Rife with historical references, Poulenc's Dialogues of the Carmelites is a 20th-century opera masterpiece and an insightful exploration of wide-reaching themes: life, death, honor, and religion. In 1789, at the beginning of French Revolution, Blanche de la Force—daughter of a nobleman—senses the rising wave of anti-aristocratic sentiment and decides to become a nun, hoping to find safety in the convent. After their prioress dies, the whole convent—including the new Sister Blanche of the Agony of Christ—take a vow of martyrdom and, when sentenced to death, resign themselves to their fate, singing the moving "Salve Regina" as they march to the guillotine.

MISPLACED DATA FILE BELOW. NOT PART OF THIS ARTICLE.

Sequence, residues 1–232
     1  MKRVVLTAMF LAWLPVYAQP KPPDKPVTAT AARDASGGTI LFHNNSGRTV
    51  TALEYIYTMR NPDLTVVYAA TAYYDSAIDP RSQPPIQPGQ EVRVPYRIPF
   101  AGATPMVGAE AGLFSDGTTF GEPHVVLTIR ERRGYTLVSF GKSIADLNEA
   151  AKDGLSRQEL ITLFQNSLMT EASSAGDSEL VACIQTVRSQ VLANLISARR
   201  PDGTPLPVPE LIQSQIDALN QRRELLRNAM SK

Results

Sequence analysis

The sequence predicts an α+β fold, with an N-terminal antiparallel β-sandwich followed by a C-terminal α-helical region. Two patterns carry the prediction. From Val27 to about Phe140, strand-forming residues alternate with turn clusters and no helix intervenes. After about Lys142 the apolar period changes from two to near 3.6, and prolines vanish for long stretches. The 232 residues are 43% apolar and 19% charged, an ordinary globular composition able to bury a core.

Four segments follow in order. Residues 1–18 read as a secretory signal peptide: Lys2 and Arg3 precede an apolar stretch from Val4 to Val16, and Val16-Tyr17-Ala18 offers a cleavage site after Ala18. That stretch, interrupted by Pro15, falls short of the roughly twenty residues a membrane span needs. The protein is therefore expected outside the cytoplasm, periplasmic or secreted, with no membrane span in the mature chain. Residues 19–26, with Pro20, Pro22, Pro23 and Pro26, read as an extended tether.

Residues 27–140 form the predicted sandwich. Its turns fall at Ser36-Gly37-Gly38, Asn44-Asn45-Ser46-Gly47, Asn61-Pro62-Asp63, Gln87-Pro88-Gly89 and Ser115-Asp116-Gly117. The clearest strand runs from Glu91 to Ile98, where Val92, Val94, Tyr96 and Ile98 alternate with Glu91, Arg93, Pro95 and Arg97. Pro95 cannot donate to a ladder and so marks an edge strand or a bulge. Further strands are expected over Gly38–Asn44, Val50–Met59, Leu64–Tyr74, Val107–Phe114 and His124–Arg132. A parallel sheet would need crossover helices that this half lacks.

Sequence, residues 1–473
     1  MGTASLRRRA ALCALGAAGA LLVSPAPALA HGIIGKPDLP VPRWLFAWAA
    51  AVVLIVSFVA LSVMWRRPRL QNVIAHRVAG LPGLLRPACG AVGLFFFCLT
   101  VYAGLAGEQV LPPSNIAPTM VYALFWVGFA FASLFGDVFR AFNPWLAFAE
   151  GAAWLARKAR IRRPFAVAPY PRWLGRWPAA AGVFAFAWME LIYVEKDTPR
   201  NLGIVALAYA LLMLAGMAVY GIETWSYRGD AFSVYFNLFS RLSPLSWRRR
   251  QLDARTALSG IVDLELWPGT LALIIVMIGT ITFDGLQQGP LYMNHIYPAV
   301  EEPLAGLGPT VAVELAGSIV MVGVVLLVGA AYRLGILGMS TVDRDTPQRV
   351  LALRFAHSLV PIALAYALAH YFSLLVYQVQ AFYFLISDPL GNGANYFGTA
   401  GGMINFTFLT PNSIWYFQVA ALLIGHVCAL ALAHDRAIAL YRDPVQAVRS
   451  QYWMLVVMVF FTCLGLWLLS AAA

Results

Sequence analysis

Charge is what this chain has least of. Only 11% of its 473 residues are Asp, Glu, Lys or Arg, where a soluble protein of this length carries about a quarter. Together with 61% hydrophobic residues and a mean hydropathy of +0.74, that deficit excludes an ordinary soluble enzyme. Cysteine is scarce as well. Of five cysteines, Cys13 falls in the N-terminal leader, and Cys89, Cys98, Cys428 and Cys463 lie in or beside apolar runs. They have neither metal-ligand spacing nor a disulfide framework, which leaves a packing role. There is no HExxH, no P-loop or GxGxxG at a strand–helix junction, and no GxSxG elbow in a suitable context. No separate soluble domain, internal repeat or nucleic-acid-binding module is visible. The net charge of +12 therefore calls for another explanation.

Visionary Russian stage director Dmitri Tcherniakov, winner of four Golden Mask awards for Best Director, transposes Poulenc's opera into a Soviet context, with sparse and unadorned scenography and a stellar cast that includes Susan Gritton as Sister Blanche and Bernard Richter as her brother, the Chevalier de la Force. Under the baton of the great Kent Nagano, the Orchestra and Choir of the Bayerische Staatsoper bring out the poetry in Poulenc's opera, with its "subtle and intricate tonal language [that] is by turns hymnal and haunting" (Anthony Tommasini).